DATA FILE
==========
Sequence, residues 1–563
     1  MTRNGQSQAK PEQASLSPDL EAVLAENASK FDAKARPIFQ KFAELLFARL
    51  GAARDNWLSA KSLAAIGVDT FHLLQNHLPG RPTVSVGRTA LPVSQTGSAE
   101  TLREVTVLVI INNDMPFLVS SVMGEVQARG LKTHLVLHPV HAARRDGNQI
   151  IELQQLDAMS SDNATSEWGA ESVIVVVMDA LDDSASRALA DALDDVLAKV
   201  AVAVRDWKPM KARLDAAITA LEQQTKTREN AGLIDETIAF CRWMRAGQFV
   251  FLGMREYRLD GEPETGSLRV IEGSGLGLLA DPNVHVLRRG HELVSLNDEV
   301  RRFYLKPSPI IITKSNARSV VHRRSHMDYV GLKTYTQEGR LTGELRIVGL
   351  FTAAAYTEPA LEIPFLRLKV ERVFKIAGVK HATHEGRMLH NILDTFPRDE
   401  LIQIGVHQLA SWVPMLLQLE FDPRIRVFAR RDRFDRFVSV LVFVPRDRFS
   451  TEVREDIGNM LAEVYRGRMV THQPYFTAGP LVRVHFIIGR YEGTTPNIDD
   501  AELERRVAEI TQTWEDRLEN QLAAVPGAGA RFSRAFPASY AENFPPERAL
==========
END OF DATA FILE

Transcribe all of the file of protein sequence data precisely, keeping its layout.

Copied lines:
Sequence, residues 1–563
     1  MTRNGQSQAK PEQASLSPDL EAVLAENASK FDAKARPIFQ KFAELLFARL
    51  GAARDNWLSA KSLAAIGVDT FHLLQNHLPG RPTVSVGRTA LPVSQTGSAE
   101  TLREVTVLVI INNDMPFLVS SVMGEVQARG LKTHLVLHPV HAARRDGNQI
   151  IELQQLDAMS SDNATSEWGA ESVIVVVMDA LDDSASRALA DALDDVLAKV
   201  AVAVRDWKPM KARLDAAITA LEQQTKTREN AGLIDETIAF CRWMRAGQFV
   251  FLGMREYRLD GEPETGSLRV IEGSGLGLLA DPNVHVLRRG HELVSLNDEV
   301  RRFYLKPSPI IITKSNARSV VHRRSHMDYV GLKTYTQEGR LTGELRIVGL
   351  FTAAAYTEPA LEIPFLRLKV ERVFKIAGVK HATHEGRMLH NILDTFPRDE
   401  LIQIGVHQLA SWVPMLLQLE FDPRIRVFAR RDRFDRFVSV LVFVPRDRFS
   451  TEVREDIGNM LAEVYRGRMV THQPYFTAGP LVRVHFIIGR YEGTTPNIDD
   501  AELERRVAEI TQTWEDRLEN QLAAVPGAGA RFSRAFPASY AENFPPERAL